Some Elements of Post-War American Life

What I propose to say today may not be popular with everyone.  Furthermore, I am not aiming to recite a comedy; these are not comedy days.  …  For there always comes a time when unpleasant truths must be retold, even though the retelling disturbs the ease and quiet of a luxurious error.  Today seems to be such a time.  On such occasions the criticism, slander, misrepresentation that one gets are of no consequence.

Yet I do know that the Communists and their co-conspirators, our American revolutionists, have planned out what postwar America is to be, and I also know that unless the rest of us are awake they will have their way.  For, as their sort have worked in other countries, they stop at nothing–intimidation, lawlessness, plunder, arson and murder, which they have rechristened with the sweeter name, “liquidation.”  In other countries they have used all of these things wholesale wherever they have operated.  They will do the same here, if their opportunity shall come.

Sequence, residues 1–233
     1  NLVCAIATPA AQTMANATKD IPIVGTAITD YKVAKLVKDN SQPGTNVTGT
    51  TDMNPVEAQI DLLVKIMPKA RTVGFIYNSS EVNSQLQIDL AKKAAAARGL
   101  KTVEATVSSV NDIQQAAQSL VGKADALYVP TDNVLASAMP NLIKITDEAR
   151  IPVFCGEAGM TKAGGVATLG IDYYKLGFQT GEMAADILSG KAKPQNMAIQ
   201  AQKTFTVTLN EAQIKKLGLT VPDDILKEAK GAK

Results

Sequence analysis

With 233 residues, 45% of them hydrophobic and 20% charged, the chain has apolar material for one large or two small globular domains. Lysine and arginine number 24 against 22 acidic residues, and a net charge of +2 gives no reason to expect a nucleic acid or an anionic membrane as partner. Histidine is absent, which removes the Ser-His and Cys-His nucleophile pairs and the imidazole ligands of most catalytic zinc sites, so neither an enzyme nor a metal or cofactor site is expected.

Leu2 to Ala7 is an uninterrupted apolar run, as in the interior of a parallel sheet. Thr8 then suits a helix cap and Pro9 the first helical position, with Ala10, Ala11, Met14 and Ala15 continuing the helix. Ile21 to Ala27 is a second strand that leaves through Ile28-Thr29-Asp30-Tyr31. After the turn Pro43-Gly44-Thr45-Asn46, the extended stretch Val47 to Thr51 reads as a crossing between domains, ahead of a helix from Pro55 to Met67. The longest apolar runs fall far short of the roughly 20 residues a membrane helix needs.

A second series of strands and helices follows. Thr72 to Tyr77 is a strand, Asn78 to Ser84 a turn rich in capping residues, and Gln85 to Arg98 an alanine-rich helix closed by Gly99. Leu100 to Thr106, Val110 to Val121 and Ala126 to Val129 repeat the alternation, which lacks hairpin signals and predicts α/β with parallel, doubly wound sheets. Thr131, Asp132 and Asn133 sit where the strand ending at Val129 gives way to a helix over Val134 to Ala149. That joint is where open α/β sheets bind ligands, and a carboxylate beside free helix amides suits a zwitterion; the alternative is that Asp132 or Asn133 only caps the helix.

…Any clean-visioned person can see that if the government is to take care of all the people, it must own all that the people own in order to do it.  There must be no private property: no one must own anything.  As one Utah Communist expressed it, when urged to put in a winter’s supply of food– “Why should I?  Jim Jones, my neighbor, has plenty, and if I run out I will just go and help myself to his.  I don’t intend to suffer as long as anyone else has anything.”  This feeling will last the war out and be with us in the postwar era.

…Every farmer, every industrialist, every merchant, every person in any walk of life who takes a gratuity from the government for not producing, or for not working, or for anything unearned, is just as culpable, in morals and in sound government finance and in our economic national life, is just as much a “doler” as is the man who takes his dole of $30 or $50 or $60 per month to pay his heat, light, rent and grocery bills.